PUBS are facing a “bleak” future without Government help, a Southampton MP warned – as she targeted greedy pub companies.

Conservative Caroline Nokes told ministers of a “long list” of popular local pubs that had been boarded up in recent years, depriving their communities.

And she highlighted the plight of one closed pub in particular – the Stoneham Arms, in Bassett – to call for tougher regulation against “possible abuses”.

Ms Nokes, the MP for Southampton North and Romsey, said the pub’s owner – Enterprise Inns – had insisted no publican wished to take over as its tenant.

Therefore, it was due to be converted to a Co-op store, even though there is another Co-op just a few doors away.

Ms Nokes said: “We cannot know how competitive those terms were, or indeed, what other bars there were to people seeking to run the premises as a pub.

“Nor can I judge how significantly the beer tie acted as a deterrent to potential publicans, but I am convinced it played a part.

“The tie, the nervousness with which publicans regard possible abuses of it, and the general uncertainty that exists in the industry as a whole have come together to present a very bleak picture.”

‘Fairness’ Protesting that publicans were struggling to “earn a decent income”, she added: “I believe that regulation is necessary.

“Those in the trade seek certainty, fairness and reassurance that the Government are on their side, to ensure that they can run their business models.

“The Stoneham Arms as a pub provided a meeting place for the community, and there are precious few such facilities left in Bassett.”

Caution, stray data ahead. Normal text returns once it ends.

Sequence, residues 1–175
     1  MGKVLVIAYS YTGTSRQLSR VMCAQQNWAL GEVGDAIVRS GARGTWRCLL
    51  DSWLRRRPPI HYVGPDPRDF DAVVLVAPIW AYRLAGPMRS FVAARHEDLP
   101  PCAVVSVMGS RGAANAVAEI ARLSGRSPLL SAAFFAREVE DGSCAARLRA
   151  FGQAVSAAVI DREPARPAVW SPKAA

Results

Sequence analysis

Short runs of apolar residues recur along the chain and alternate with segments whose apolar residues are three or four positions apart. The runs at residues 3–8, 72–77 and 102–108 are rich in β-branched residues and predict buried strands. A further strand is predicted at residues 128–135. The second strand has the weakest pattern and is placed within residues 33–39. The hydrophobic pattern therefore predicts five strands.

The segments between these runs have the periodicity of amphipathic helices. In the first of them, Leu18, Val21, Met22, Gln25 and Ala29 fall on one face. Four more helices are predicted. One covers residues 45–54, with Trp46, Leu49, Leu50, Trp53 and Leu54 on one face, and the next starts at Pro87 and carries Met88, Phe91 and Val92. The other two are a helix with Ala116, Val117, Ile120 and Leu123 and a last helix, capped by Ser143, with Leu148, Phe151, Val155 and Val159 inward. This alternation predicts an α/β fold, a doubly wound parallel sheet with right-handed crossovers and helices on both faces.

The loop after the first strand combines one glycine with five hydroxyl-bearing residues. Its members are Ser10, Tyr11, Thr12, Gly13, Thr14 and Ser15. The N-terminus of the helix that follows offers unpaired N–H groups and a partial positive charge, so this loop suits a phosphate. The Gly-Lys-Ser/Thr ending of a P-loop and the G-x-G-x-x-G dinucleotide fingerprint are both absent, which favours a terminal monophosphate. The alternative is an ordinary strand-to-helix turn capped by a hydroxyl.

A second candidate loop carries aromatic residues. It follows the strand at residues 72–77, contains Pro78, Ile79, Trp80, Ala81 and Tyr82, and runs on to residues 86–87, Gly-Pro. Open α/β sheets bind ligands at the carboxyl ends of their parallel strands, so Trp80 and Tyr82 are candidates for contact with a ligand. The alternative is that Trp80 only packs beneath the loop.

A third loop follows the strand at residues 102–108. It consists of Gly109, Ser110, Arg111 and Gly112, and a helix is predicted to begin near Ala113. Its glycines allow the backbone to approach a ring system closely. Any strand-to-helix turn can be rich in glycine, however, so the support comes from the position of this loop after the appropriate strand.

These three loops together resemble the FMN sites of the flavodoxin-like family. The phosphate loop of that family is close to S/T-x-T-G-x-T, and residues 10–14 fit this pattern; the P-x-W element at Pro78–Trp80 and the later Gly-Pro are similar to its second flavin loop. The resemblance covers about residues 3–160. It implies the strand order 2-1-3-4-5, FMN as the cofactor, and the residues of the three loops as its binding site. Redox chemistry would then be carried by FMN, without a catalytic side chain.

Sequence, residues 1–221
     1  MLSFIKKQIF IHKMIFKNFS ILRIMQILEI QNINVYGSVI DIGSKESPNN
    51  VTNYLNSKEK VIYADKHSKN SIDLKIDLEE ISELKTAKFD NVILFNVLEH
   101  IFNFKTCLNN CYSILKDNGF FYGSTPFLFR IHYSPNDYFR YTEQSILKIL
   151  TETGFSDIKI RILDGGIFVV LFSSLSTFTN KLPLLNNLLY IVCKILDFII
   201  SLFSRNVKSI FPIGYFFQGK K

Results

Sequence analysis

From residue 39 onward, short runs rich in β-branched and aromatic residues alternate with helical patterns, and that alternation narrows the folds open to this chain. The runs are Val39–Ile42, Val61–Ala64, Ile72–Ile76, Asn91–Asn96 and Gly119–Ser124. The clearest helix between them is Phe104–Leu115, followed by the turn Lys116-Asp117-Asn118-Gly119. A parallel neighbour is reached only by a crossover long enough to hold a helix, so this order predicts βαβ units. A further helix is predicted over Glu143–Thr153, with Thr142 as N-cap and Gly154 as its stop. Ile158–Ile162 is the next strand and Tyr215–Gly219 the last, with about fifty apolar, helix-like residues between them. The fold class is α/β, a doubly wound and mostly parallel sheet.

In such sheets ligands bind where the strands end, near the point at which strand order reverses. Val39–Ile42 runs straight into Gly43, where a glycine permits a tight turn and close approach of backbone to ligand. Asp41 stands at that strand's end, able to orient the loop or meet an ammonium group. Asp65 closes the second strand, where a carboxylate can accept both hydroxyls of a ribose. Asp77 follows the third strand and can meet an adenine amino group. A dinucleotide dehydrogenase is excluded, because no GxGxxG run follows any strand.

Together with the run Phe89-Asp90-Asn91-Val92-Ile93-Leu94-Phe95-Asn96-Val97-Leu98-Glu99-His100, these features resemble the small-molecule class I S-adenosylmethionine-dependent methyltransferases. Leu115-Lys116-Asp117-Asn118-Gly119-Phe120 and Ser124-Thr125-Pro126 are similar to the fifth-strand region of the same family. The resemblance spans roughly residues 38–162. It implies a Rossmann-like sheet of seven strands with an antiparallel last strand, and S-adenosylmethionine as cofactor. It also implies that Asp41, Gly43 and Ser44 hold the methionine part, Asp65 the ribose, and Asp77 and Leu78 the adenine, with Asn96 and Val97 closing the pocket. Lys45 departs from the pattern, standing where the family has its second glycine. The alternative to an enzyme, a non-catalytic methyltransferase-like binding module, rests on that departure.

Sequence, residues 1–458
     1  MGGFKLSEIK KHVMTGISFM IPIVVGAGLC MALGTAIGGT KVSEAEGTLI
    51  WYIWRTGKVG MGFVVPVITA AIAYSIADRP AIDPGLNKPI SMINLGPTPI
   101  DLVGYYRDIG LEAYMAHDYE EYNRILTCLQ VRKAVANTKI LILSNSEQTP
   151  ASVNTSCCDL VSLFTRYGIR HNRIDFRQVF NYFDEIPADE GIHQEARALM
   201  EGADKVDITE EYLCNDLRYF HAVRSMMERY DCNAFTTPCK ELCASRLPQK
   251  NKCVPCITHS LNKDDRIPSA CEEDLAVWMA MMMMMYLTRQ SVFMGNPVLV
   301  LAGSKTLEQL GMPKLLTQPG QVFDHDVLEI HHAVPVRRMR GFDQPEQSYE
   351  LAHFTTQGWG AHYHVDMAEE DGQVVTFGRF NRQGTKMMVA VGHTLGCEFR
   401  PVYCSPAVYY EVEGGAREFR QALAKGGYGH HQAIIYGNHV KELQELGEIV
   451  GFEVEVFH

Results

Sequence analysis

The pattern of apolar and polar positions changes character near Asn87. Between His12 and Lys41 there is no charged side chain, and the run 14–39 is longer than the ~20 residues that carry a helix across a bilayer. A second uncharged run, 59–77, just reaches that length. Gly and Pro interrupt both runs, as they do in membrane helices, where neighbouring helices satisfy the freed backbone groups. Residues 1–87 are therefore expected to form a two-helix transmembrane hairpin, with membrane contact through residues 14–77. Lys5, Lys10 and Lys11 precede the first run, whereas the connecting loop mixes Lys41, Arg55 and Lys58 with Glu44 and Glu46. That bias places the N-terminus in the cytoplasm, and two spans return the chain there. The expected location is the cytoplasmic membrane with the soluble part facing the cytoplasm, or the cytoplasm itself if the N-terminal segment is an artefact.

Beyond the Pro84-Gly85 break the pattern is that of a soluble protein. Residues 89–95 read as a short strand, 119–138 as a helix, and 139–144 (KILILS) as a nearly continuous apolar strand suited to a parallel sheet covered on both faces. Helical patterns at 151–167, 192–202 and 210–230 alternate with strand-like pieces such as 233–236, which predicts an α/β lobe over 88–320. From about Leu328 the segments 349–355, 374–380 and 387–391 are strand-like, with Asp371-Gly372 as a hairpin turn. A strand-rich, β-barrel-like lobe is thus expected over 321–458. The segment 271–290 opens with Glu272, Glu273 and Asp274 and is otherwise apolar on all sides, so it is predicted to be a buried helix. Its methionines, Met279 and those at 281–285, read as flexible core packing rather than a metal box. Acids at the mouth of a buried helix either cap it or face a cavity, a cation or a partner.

Campaigners have accused Enterprise Inns of ignoring a bid to save the pub, having struck a deal to convert it into a store.

Meanwhile, Itchen MP John Denham is leading calls for a temporary “freeze” to prevent sales of pubs going ahead while listing is considered.

And he has argued for the law to be changed so companies have to apply for planning permission for a change of use, allowing planners to intervene.

Ms Nokes’ call came during a Commons debate in which Labour called for landlords to be given the chance to opt out of contractual links of large pub companies.

The opposition demanded legislation in May’s Queen’s Speech to help landlords earning less than £10,000 a year – while tied into buying drinks at inflated prices.

In reply, Business Secretary Vince Cable denied he had kicked the issue into the long grass, having earlier launched a consultation on action against the pub companies.

Mr Cable said responses were still being evaluated, adding: “There is no attempt to delay on those grounds.

“We want to see action.”